HIGE DANdism’s Mixed Nuts Graded with DaVinci Resolve Studio

Official HIGE DANdism’s Mixed Nuts Graded with DaVinci Resolve Studio

Blackmagic Design announced today that DaVinci Resolve Studio editing, color grading, visual effects (VFX) and audio post production software was used to grade the video for “Mixed Nuts” by the popular band Official HIGE DANdism. The grading was done by Hisashi Nemoto of Tokyo based post production company KASSEN using DaVinci Resolve Advanced Panel.

Official HIGE DANdism’s “Mixed Nuts” is the band’s latest single. It is the opening theme song for the popular anime series “SPY x FAMILY,” which is based on the popular manga series of the same name by Tatsuya Endo. The song depicts the three main characters of the anime series, who disguise themselves as a family, as peanuts in a bag of mixed nuts to express the world of the anime series.

The music video for “Mixed Nuts” is a cinematic storytelling piece that has been viewed more than 34 million times to date since it was uploaded to YouTube. The video, which begins with a shot of an eerie Western style hotel, is unique in that it is both horror tinged and pop oriented.

The video was directed by Takuto Shimpo, who has directed many of Official HIGE DANdism’s projects. KASSEN colorist Nemoto, who has also worked on many of the band’s previous projects, collaborated with the director to grade this video.

The video starts with a daughter and her parents visiting an eerie hotel. The daughter searches for her parents, who disappeared with a thunderbolt to then reappear with mysterious people portrayed by the band members. When the missing parents are reunited with their daughter, Official HIGE DANdism performs with a big band in front of the family. “The director, Shimpo, usually prefers clearly separating the visual of each part of a song, so I graded this video according to his style,” said Nemoto.

“You wouldn’t know what is going to happen until the very end and I made sure the color has some varying degrees of intensity to match Shimpo’s direction so that viewers wouldn’t get bored halfway through the video,” he continued. “The mood of this video is like a classic horror film, so I graded the intro part to create the feeling of fear. However, I felt that if we had gone too far into a horror tone, it wouldn’t quite match the impression of the band who are loved by people of all ages. I gave some pop feel so that it would not be too dark and made the orange and yellow of the uniforms of the band members stand out, as well as the fluorescent yellow of the barricade tape.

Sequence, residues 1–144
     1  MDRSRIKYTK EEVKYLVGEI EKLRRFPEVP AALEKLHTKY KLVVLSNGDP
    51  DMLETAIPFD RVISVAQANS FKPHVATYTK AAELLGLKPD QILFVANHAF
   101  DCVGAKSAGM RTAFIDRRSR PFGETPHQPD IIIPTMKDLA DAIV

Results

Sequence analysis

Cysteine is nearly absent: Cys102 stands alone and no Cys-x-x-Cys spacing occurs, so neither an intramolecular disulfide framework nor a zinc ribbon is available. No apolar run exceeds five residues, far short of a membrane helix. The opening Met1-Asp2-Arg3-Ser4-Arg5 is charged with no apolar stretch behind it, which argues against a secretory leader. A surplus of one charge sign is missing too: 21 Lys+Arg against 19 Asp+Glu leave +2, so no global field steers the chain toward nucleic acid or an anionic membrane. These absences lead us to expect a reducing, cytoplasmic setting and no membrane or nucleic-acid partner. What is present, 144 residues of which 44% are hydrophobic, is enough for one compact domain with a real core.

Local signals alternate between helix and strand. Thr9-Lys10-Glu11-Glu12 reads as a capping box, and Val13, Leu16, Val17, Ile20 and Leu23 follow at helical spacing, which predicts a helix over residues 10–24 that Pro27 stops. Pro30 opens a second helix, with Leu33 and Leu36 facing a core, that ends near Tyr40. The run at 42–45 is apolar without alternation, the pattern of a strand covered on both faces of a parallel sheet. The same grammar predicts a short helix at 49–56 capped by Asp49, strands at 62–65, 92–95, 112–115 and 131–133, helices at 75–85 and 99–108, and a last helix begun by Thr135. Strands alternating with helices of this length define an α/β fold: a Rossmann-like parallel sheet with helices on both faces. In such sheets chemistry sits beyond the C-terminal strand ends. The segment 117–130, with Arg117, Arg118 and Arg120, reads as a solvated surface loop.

“I am always conscious of the fact that there is a large audience behind the screen who will enjoy my work. In this film, there are many scenes that were intentionally shot underexposed, but where it didn’t interfere with the progress of the storytelling, I slightly brightened the faces of the band members for the fans who want to see their faces. What the creators want to express and what the viewers expect do not always coincide. I hope to provide a bridge between those people in those situations,” he said.

Nemoto also highly appreciates DaVinci Resolve Studio’s ability to create the various versions required in commercial and music video production. “If we have different versions of the timeline using the same camera material, DaVinci Resolve’s remote grading feature is very useful,” he said. “When I make a color adjustment, the same adjustment is applied not only to the shot on that timeline, but also to shots of the same material used in other timelines, making my grading much easier to manage.”

Nemoto concluded, “I’ve been using DaVinci Resolve for many years, and compared to other systems, it is fast and also flexible. The software is constantly updated and getting better. Another advantage is that there are so many users, and most post production houses have an Advanced Panel, so I can work as usual, even if I have to work in a different grading room.”

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